Brad Kuvin Brad Kuvin
Editorial Director

The Leaning of Lean

February 17, 2020

The next-generation manufacturing workforce that we all work so hard to attract and develop expects its employers—including metal forming and fabricating companies, and their leaders—to exhibit a strong sense of purpose. They want to know how their role connects to the company’s broader goals and objectives. This is not news, as much has been written on this subject, here and elsewhere. Many of you already have taken steps in this direction.

This “new” workforce also believes strongly in identifying and calling out waste in the production process. Engaged workers don’t let wasteful processes slide. And certainly, we want our engaged employees, at every level of the company from the shop floor to the top floor, to identify waste when they see it and then help strategize to reduce or eliminate it. That’s at the core of lean manufacturing.

There is no question that Industry 4.0 and Internet of Things (IoT) technology, undoubtedly the next key drivers of manufacturing success, can help streamline the lean process—the leaning of lean, if you will. The goals of lean—reduce waste and add value to manufacturing processes—become easier to accomplish when using Industry 4.0 tools such as ERP software, sensors and industrial automation. These tools allow for constant, real-time monitoring, faster decision-making, improved efficiency and less waste.

However, before taking the Industry 4.0 leap, companies would be wise to reevaluate their commitment to lean thinking (assuming that such a commitment already exists), and all that it represents. For lean and Industry 4.0 are intimately linked.

I was reminded of this when interviewing the management team at metal fabricator/medical-product supplier MPE Inc. We’ll highlight MPE’s evolution, in particular its journey to full vertical integration and the move from batch-and-queue to cellular manufacturing, in the March issue of MetalForming. For the purposes of this discussion, consider that MPE’s journey into Industry 4.0 comes only after a considerable investment in value-stream mapping its entire operation—the office and the shop floor—eliminating departmental silos and streamlining workflow to efficiently deliver information to the shop floor.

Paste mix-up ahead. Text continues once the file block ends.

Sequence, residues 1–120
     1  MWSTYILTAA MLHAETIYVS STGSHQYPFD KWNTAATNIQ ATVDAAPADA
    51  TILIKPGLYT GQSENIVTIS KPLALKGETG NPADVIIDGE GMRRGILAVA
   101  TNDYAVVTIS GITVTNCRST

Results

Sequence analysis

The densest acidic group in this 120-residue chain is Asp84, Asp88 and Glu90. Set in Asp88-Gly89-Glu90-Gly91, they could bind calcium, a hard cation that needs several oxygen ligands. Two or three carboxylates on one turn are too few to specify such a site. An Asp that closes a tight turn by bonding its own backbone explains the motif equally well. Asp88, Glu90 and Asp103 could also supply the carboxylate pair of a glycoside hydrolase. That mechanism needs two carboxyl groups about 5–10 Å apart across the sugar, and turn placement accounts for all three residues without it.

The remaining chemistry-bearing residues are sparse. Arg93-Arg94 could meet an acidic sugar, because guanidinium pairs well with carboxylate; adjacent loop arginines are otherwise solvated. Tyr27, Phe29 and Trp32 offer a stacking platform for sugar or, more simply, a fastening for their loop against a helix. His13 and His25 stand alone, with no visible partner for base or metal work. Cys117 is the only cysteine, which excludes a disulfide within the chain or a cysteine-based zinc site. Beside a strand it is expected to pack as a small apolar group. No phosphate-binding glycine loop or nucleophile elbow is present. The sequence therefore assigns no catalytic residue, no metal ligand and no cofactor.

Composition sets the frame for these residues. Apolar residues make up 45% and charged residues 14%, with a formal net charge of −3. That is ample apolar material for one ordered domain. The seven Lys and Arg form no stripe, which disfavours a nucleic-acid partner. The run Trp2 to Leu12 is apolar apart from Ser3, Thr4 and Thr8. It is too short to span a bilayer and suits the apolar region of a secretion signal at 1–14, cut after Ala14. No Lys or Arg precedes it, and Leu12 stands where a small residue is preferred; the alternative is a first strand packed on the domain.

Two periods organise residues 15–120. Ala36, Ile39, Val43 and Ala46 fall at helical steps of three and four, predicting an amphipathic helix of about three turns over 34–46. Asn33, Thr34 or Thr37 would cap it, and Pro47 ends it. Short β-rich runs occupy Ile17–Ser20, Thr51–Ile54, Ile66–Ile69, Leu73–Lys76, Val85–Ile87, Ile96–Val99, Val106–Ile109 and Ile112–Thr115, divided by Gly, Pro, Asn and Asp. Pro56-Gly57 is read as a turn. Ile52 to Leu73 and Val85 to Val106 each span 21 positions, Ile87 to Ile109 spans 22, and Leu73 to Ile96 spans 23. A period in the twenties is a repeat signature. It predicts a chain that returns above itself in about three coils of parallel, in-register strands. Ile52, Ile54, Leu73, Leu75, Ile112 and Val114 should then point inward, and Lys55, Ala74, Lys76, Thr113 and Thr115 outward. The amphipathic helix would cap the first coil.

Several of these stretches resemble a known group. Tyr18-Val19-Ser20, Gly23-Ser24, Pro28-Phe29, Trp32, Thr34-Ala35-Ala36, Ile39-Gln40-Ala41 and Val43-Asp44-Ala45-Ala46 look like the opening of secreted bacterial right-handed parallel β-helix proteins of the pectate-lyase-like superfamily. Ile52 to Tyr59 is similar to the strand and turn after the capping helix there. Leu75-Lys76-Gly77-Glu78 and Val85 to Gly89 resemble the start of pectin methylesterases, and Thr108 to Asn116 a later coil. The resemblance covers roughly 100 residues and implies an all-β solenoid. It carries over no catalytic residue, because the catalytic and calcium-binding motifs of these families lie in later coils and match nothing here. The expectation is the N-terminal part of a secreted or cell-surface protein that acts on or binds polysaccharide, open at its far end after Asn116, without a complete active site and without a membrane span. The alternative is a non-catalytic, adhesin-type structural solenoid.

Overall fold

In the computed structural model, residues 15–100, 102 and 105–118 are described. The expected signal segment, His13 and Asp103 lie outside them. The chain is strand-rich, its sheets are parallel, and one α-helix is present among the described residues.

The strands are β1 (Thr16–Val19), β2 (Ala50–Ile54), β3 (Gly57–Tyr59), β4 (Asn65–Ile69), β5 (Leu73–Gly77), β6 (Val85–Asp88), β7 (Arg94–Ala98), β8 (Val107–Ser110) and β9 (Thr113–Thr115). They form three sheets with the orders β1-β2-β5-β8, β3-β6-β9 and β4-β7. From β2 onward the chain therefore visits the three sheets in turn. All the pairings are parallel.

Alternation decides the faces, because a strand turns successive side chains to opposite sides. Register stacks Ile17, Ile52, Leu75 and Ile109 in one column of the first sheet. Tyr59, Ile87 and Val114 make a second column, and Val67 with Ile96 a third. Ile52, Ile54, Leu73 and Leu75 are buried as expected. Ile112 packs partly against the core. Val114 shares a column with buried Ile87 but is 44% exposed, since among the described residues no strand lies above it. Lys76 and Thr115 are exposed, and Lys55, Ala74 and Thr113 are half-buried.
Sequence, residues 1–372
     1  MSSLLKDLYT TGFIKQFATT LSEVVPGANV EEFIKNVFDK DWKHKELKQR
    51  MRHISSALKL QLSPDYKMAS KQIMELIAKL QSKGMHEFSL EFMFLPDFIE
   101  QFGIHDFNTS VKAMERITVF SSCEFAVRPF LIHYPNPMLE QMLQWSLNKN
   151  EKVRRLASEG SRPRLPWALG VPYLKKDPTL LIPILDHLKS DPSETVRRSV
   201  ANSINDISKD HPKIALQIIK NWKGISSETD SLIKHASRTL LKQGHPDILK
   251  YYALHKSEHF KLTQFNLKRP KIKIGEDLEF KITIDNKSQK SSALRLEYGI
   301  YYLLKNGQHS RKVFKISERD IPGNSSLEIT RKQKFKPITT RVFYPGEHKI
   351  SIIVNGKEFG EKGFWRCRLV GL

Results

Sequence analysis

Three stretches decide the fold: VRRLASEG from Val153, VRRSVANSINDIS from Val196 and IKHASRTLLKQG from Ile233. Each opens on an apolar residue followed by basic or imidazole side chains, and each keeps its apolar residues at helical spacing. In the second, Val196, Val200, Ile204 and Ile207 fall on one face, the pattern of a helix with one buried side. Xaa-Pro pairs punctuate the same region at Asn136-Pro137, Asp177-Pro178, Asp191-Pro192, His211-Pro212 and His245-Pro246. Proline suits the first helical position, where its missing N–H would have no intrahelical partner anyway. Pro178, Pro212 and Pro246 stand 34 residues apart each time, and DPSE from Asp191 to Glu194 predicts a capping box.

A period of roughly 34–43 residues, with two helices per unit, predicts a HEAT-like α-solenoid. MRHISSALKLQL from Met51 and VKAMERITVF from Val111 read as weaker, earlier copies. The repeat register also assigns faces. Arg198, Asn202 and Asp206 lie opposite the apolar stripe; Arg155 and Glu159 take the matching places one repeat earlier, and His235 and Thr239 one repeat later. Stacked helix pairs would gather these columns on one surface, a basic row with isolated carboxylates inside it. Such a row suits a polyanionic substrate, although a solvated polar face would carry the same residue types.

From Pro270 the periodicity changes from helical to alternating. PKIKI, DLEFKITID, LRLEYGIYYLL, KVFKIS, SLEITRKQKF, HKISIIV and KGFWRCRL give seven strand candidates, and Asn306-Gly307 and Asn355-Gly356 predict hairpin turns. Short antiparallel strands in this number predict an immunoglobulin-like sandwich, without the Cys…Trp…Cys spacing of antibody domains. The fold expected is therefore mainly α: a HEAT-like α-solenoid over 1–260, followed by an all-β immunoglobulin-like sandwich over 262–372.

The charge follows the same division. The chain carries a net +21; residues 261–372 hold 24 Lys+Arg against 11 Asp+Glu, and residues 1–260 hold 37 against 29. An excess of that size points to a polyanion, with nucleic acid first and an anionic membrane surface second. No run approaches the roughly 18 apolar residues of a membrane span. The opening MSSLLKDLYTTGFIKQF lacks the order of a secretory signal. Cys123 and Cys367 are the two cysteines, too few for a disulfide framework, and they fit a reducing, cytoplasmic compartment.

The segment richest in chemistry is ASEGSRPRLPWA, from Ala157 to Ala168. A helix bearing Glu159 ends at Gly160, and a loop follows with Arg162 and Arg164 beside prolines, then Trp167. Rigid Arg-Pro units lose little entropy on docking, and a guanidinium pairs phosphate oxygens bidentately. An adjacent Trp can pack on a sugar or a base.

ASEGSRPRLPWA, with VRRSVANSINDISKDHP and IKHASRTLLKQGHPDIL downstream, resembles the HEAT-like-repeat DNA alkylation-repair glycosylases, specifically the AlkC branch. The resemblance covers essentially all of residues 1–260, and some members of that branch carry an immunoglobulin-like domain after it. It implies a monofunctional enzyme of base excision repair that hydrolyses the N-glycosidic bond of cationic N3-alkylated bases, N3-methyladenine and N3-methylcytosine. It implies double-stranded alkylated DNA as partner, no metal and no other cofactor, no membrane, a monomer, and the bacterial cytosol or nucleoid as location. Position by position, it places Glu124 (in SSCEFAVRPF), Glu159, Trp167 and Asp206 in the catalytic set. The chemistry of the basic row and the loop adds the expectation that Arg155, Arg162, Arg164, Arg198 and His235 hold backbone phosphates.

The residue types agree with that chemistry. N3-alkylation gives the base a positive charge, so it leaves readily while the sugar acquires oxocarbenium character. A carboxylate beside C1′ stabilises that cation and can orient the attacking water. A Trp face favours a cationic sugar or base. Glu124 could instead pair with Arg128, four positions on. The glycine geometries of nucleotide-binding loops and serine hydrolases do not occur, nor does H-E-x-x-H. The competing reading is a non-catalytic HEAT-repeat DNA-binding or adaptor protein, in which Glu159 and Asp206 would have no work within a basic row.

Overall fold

Those insights, shared by MPE vice president of operations Geoff Lefeber, illuminate the value of lean thinking of and striving for enduring, positive change. When built on a lean foundation, implementation of Industry 4.0 initiatives—machine-to-machine communication and sensors collecting and transmitting real-time data—will equip managers to identify process variability and efficiency issues as they happen. And yes, when able to quickly analyze all of this data, they’ll be able to efficiently correct issues on the shop floor. 

However, IoT has the potential to create waste. When you start gathering reams of data from every corner of the shop, some of that data will be useful but plenty of it will not. It will be waste, so lean thinking will be necessary to sort the good data from the waste.

In a paper on lean and Industry 4.0, written for ASME by journalist Mark Crawford, we learn that “sensors, software and real-time data have removed much of the guesswork from process optimization. As a result, lean itself is getting much leaner as these technologies evolve and are adopted on the manufacturing floor.” 

The end result: Lean conditions can be achieved much faster than ever before by using the tools of Industry 4.0, but only if the organization fully understands and practices lean thinking throughout.

Industry-Related Terms: Core, Corner, Forming
View Glossary of Metalforming Terms

Technologies: Management


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